Tennis-A walk in the park for Djokovic, Serena visits zoo after quarantine

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MELBOURNE, Jan 29 (Reuters) - Novak Djokovic had a stroll in the park and Serena Williams took her daughter to the zoo as the world's top tennis players made the most of their freedom after 14 days of quarantine ahead of the Australian Open on Friday.

Djokovic, Williams and Rafa Nadal were among a select group of players who underwent lockdown in Adelaide rather than Melbourne and they will all play exhibition matches in the city later on Friday.

"We just can say thank you very much to South Australia and for all the unbelievable great work that Tennis Australia has been doing to allow us to play this tournament," Nadal told reporters, summing up sentiments expressed by all the players.

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Djokovic, who last week drew heavy criticism after he sent a letter to organisers asking for changes to the quarantine rules, said conditions were "great for us, considering the circumstances".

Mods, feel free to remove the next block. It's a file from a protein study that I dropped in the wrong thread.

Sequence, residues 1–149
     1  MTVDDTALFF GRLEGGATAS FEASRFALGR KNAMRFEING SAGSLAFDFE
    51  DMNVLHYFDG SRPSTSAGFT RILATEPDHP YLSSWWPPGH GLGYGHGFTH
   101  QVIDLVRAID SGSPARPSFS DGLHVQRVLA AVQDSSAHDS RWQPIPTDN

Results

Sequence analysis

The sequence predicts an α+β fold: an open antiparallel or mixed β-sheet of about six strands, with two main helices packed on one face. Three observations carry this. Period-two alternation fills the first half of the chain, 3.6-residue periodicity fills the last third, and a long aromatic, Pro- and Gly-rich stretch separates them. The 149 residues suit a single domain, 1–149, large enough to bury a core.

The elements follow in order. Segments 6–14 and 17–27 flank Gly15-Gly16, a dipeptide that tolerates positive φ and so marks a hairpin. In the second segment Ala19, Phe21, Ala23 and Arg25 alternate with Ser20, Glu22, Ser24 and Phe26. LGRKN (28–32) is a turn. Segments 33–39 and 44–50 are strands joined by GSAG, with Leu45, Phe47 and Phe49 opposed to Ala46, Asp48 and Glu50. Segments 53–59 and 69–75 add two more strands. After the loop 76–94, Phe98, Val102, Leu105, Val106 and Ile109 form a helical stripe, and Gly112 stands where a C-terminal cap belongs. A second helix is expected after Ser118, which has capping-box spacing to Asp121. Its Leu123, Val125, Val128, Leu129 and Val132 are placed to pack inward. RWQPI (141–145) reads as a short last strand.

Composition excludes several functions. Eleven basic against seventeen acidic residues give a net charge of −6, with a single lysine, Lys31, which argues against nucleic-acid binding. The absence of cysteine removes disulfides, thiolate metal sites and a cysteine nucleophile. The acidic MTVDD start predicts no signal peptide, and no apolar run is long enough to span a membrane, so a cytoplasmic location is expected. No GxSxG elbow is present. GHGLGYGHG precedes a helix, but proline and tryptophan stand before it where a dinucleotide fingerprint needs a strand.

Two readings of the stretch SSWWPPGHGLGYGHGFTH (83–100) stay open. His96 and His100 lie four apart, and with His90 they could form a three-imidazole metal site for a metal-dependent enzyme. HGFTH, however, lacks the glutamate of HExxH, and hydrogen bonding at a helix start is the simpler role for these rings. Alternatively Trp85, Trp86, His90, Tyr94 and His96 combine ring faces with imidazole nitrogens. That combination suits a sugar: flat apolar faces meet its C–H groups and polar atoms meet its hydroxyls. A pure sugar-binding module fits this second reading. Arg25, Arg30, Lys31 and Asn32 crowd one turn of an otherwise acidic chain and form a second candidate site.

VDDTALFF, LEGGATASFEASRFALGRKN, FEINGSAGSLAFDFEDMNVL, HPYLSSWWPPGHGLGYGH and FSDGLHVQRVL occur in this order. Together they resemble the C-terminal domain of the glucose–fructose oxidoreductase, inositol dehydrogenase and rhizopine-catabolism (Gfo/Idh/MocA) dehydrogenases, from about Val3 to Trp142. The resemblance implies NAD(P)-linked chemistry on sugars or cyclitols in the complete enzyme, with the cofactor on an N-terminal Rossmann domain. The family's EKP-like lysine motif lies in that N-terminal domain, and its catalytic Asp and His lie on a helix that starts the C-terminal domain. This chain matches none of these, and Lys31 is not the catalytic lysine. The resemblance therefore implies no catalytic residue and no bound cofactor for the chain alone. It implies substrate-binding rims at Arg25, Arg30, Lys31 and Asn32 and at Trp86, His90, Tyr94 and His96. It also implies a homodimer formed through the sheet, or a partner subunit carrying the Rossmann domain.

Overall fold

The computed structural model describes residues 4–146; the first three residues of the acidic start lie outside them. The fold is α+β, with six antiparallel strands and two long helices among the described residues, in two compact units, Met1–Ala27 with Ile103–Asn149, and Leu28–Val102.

The players have been allowed out to practise for five hours a day during their quarantine but Djokovic said he had headed to a local park on his first morning in Australia without restrictions.

"Just putting your feet on the ground, you know, just doing something that I didn't have a chance to do," the world number one said.

"Just having the space, I think, that's what we all kind of missed."

Williams's quarantine had an extra wrinkle in the shape of her 3-year-old daughter and they celebrated their release with a trip to Adelaide Zoo.

"We had a calendar in our room and every day we marked an 'X' on the day that went by and a big circle on the quarantine ending day and we promised her that we would take her to the zoo to see koalas and kangaroos," she said.

"I'm so glad the quarantine is over, because to be in a room with a 3-year-old and being her best friend is definitely difficult ... But honestly I wouldn't trade anything for spending hours with her, it was really fun."

Williams will be bidding for her 24th Grand Slam title at Melbourne Park, which would tie her with Australian Margaret Court as the most successful player of all time.

"It's good to always have goals that you try to reach and kind of see what happens," Williams said.

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Writing by Nick Mulvenney in Sydney, editing by Peter Rutherford

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